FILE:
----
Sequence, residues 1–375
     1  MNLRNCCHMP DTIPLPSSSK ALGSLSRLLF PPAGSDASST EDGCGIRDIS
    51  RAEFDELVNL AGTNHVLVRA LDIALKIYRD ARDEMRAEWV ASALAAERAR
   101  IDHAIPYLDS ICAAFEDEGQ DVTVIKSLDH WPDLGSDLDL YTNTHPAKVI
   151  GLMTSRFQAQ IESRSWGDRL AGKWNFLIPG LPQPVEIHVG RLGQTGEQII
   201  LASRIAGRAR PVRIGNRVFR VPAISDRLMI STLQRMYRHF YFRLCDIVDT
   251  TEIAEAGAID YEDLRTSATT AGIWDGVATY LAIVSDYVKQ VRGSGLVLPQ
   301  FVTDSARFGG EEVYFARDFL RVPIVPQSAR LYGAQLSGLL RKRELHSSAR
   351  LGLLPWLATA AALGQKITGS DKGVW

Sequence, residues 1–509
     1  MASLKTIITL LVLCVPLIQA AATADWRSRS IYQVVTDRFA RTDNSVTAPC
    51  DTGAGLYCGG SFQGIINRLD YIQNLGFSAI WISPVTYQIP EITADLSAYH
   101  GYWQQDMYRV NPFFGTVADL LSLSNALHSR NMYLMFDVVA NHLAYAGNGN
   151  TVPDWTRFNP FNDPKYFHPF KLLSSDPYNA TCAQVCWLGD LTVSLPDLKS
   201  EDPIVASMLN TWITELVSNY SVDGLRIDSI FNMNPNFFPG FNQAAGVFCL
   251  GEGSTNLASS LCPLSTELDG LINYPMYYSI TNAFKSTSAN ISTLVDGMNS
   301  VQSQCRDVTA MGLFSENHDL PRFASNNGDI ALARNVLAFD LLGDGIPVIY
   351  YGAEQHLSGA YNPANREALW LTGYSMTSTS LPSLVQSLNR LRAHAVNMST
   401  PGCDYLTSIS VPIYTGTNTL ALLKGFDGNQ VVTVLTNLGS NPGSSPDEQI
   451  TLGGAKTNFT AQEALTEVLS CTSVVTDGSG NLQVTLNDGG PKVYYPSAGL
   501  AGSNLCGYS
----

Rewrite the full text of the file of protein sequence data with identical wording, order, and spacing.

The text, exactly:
Sequence, residues 1–375
     1  MNLRNCCHMP DTIPLPSSSK ALGSLSRLLF PPAGSDASST EDGCGIRDIS
    51  RAEFDELVNL AGTNHVLVRA LDIALKIYRD ARDEMRAEWV ASALAAERAR
   101  IDHAIPYLDS ICAAFEDEGQ DVTVIKSLDH WPDLGSDLDL YTNTHPAKVI
   151  GLMTSRFQAQ IESRSWGDRL AGKWNFLIPG LPQPVEIHVG RLGQTGEQII
   201  LASRIAGRAR PVRIGNRVFR VPAISDRLMI STLQRMYRHF YFRLCDIVDT
   251  TEIAEAGAID YEDLRTSATT AGIWDGVATY LAIVSDYVKQ VRGSGLVLPQ
   301  FVTDSARFGG EEVYFARDFL RVPIVPQSAR LYGAQLSGLL RKRELHSSAR
   351  LGLLPWLATA AALGQKITGS DKGVW

Sequence, residues 1–509
     1  MASLKTIITL LVLCVPLIQA AATADWRSRS IYQVVTDRFA RTDNSVTAPC
    51  DTGAGLYCGG SFQGIINRLD YIQNLGFSAI WISPVTYQIP EITADLSAYH
   101  GYWQQDMYRV NPFFGTVADL LSLSNALHSR NMYLMFDVVA NHLAYAGNGN
   151  TVPDWTRFNP FNDPKYFHPF KLLSSDPYNA TCAQVCWLGD LTVSLPDLKS
   201  EDPIVASMLN TWITELVSNY SVDGLRIDSI FNMNPNFFPG FNQAAGVFCL
   251  GEGSTNLASS LCPLSTELDG LINYPMYYSI TNAFKSTSAN ISTLVDGMNS
   301  VQSQCRDVTA MGLFSENHDL PRFASNNGDI ALARNVLAFD LLGDGIPVIY
   351  YGAEQHLSGA YNPANREALW LTGYSMTSTS LPSLVQSLNR LRAHAVNMST
   401  PGCDYLTSIS VPIYTGTNTL ALLKGFDGNQ VVTVLTNLGS NPGSSPDEQI
   451  TLGGAKTNFT AQEALTEVLS CTSVVTDGSG NLQVTLNDGG PKVYYPSAGL
   501  AGSNLCGYS